Tradeshift's Index of Global Trade Health Q1 2021

April 20, 2021 Tradeshift Editorial Team

Beware the bullwhip as the economy springs back to life

  • Global B2B transactions grew 10.2% in Q1 with order volumes jumping 16.9%

  • Trade activity in the Eurozone grew 14.5% and increased 10.5% in the US

  • Manufacturing order volumes on the Tradeshift Network were up 80% year-on-year in March, but suppliers are feeling the effects of increased demand. 1 out of 5 suppliers struggle to meet the increase of orders

Our latest Index of Global Trade Health presents a broadly optimistic view of the year ahead. Orders are rising at double-digit rates as consumer demand continues to accelerate. Cumulative transaction volumes on our platform are tracking 38% above their pre-COVID levels in March of 2020.

The Eurozone may be struggling with its vaccine roll-out plan but that hasn’t stopped factories there from producing at record rates since the beginning of the year. Total transaction volumes across the region rose 14.5% in Q1. Trade activity in the US is also settling into a high-velocity rhythm. Even the UK, which had appeared stuck in reverse gear at the end of 2020, now appears to be turning a corner.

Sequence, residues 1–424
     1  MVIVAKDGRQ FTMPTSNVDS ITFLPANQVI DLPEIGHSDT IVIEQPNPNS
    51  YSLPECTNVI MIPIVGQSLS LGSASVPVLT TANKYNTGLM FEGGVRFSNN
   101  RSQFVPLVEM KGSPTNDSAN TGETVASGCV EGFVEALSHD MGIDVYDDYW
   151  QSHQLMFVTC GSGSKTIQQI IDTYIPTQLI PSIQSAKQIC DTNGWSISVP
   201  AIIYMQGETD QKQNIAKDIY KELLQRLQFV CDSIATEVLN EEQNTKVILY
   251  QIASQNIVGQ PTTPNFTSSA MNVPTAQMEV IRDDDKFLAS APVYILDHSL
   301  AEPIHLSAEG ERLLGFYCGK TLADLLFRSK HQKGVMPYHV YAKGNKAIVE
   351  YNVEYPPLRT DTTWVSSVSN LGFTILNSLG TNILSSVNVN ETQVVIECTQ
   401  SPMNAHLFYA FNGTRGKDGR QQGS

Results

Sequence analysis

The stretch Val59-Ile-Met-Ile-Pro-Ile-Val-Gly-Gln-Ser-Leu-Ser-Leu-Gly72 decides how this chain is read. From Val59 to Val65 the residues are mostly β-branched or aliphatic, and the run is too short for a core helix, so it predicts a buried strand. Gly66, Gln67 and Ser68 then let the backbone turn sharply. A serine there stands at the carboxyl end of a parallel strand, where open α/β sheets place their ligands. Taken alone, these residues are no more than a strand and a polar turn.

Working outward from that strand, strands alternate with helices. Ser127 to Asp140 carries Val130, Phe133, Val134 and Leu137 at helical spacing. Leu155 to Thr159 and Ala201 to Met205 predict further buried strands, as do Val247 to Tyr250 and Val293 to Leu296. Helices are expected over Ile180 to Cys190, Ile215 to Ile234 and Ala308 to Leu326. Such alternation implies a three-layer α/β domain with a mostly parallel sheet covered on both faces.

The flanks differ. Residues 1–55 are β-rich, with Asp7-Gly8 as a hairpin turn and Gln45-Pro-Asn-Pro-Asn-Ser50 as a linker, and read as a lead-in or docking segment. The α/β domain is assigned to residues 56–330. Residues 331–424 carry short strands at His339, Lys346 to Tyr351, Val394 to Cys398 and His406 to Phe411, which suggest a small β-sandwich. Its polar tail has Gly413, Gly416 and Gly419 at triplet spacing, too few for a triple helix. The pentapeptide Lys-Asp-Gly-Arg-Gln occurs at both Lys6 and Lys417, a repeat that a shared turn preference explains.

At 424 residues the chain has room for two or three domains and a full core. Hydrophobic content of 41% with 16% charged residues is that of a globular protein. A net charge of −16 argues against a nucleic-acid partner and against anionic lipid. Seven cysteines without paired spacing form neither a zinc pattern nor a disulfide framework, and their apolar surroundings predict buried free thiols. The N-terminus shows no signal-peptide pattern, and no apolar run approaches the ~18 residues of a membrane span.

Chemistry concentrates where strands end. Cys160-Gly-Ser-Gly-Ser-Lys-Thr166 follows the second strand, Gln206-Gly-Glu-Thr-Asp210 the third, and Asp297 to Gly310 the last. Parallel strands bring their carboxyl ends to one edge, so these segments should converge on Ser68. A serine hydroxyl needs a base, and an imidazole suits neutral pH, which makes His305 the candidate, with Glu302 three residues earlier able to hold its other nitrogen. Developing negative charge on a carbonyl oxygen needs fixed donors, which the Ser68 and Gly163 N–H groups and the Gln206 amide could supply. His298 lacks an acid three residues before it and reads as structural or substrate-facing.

Economists are predictably becoming bullish about the speed of recovery. Our own research of sentiment among suppliers suggests that roughly two-thirds are more optimistic about their business prospects than they were at the end of 2020. But there are signs that supply chains are beginning to creak under a kind of pressure few were expecting when the virus first hit.

Manufacturing orders on our platform were up more than 80% year-on-year in March but low invoice settlement rates across the sector suggest money is not flowing through to suppliers to support a corresponding ramp-up in production.

The effects of this imbalance are well-publicized, from just-in-time automotive assembly lines forced to lie idle, to delivery companies scrambling to source cardboard packaging. The recent blockage of the Suez Canal provides a further reminder of how susceptible modern supply chains are to a single point of failure. 2021 might well prove to be the curtain-raiser on a golden period of economic growth, but sustaining the current momentum is going to require a far more flexible and collaborative relationship between buyers and suppliers than was evident prior to the pandemic

About the Author

Tradeshift connects buyers, suppliers, and all their processes in one global network. We help you transform the way you work with suppliers today – and adapt to whatever the future brings.

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